The air was tense with apprehension. The six people seated at the back of room ANN 106 in the Wallis Annenberg building at 6 p.m. Friday made a precarious effort to avoid looking at the team sitting next to them, clutching their notes and consulting their partner on the details of last minute. Some checked their microphones, others took a deep breath. The stage was set for the Undergraduate Government Presidential Debate. The room filled slowly at first, then all at once, with everyone muttering about which team they were going to support in the upcoming elections from USG to USC.
There are three pairs of students running for President and Vice President of USG this year. Presidential candidate Hannah Woodworth, a young journalism student, and vice-presidential candidate Nivea Krishnan, a sophomore in public policy and economics, are the only candidates on the ballot. That’s because the other team, consisting of Weston Bell-Geddes and Erica Wang, withdrew from the presidential race on February 3. The other candidates are listed because they submitted their names after the December 17 deadline. Voters will have to physically list these candidates on their ballots. One of the other two writing teams includes Rachel Lee, a junior philosophy, politics, and law student, and vice-presidential candidate Collin Colson, a sophomore writing for screen and television. Kyle Valdes, a junior business administration major, and Safal Mengi, a junior real estate development major, are the other nominees.
Nathan Hyun, a senior journalism student and executive producer of ATVN, was the moderator for the evening. The debate was a collaborative effort between Annenberg Media and USG to help promote transparency between contestants and students. The debate questions were written by the editors of Annenberg Media.
The posts debated many divisive topics around campus life, such as campus safety, Greek life, COVID-19 protocols, student mental health, and DEI (diversity, equity, and inclusion) initiatives. ). .
The speeches, voice modulations and attires of each ticket team revealed idiosyncratic personality traits that other candidates picked up on during the debate. The Woodworth-Krishnan duo were dubbed by other members of the debate as “establishment candidates”, being the only candidates previously affiliated with the USG. Woodworth is the executive assistant to the current USG president and Krishnan is a senator in the USG legislative branch. They began their opening statements by emphasizing the need for transparency in the internal workings of USG and the administration of USC. Lee and Colson called themselves “progressive populists”, while Valdes and Mengi were seen defending controversial positions on COVID-19 protocols and Greek life.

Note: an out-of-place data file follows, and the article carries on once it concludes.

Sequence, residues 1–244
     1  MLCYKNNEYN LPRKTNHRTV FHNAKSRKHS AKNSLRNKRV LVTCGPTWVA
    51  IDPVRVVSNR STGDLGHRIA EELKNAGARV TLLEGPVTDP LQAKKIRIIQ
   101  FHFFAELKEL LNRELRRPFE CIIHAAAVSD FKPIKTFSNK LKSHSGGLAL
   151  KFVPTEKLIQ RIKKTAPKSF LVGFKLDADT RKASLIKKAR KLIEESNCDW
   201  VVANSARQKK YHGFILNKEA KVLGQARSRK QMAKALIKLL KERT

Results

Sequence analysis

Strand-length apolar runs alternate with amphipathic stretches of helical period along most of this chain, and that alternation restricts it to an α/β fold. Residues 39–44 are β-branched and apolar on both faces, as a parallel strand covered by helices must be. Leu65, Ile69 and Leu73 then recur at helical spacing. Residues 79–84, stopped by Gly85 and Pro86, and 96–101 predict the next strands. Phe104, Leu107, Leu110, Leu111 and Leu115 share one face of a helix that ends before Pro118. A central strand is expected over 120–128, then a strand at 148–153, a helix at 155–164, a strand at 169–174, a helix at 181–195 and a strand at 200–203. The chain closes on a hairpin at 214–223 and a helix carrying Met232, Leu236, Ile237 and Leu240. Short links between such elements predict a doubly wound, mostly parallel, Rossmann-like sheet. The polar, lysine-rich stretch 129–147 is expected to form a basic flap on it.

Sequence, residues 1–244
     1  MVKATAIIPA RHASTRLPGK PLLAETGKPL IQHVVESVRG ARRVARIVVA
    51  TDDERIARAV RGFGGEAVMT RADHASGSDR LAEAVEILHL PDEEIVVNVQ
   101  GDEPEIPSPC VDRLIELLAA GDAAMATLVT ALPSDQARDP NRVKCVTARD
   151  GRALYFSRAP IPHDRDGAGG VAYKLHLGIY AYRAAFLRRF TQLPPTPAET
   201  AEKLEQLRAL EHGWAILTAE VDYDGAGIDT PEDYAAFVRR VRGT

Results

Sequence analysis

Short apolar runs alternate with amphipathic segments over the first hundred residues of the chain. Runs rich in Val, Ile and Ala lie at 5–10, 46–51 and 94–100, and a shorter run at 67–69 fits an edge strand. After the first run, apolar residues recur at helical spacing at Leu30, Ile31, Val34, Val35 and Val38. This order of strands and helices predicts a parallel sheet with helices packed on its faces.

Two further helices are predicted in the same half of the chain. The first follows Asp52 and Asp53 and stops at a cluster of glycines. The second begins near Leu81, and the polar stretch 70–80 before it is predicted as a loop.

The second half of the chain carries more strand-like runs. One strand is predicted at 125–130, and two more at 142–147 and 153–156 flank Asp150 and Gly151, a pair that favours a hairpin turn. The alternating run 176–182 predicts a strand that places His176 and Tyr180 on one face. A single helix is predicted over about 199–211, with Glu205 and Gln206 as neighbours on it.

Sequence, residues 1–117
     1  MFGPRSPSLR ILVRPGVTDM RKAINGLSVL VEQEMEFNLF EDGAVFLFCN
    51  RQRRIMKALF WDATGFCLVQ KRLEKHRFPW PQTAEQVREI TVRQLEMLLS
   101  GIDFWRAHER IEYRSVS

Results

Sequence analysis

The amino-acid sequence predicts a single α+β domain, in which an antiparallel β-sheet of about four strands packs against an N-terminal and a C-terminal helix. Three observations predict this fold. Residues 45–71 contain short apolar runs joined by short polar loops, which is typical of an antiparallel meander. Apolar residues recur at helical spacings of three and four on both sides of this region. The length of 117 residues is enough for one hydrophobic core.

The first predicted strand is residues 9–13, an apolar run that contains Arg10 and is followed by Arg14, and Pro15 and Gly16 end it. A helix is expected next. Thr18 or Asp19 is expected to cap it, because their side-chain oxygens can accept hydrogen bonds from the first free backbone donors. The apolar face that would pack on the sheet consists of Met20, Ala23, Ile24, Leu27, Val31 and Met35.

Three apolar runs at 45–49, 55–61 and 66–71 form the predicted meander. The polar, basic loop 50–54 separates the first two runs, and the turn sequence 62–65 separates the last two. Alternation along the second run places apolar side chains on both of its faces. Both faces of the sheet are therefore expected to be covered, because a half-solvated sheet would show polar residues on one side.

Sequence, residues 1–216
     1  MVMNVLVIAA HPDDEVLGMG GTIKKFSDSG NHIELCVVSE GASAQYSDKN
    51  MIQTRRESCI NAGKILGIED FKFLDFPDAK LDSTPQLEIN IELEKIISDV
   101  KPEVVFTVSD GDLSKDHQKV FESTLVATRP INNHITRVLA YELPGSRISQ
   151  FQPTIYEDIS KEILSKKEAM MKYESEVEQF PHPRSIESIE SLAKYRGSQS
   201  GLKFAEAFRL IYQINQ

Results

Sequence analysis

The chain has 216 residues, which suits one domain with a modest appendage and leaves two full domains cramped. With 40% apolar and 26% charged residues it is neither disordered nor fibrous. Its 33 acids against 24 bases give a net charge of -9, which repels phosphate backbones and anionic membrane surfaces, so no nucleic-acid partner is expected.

“Our biggest asset here as a ticket is our experience because we can start from day one with the projects, policies and outlines,” Krishnan said during the speech. “Student governments should always be on the side of the students.”
Lee’s opening speech revolved around the USC administration’s handling of sexual assault cases related to Greek life. The Lee-Colson duo argued for a complete abolition of Greek life, mentioning that “USC doesn’t care about students”, nor does it view USG as a competent body with authority.
“Abolition of Greek life is not a radical notion,” Lee said. “We have seen firsthand the danger of the poses, unlike the other candidates with us today. We are not calling for reform. We are calling for abolition.
Lee claimed that no other candidate is willing to make the administration “uncomfortable” enough, as they would. Together they pledged to identify USC’s gentrifying footprint in South Los Angeles, defund the DPS which receives “$50 million a year from the university” and install communal refrigerators on campus. .
Valdes and Mengi introduced themselves, showcased their Cuban and Indian upbringing, and their previous experience in high school student government. They mentioned being “real people” advocating for a “real SC”. Their platform points include expanding the Fryft area, promoting school spirit, reforming Greek life, and better treatment of spring admissions and international students.
“We really want everyone to have the chance to continue their college experience without any barriers in place time and time again,” Valdes said.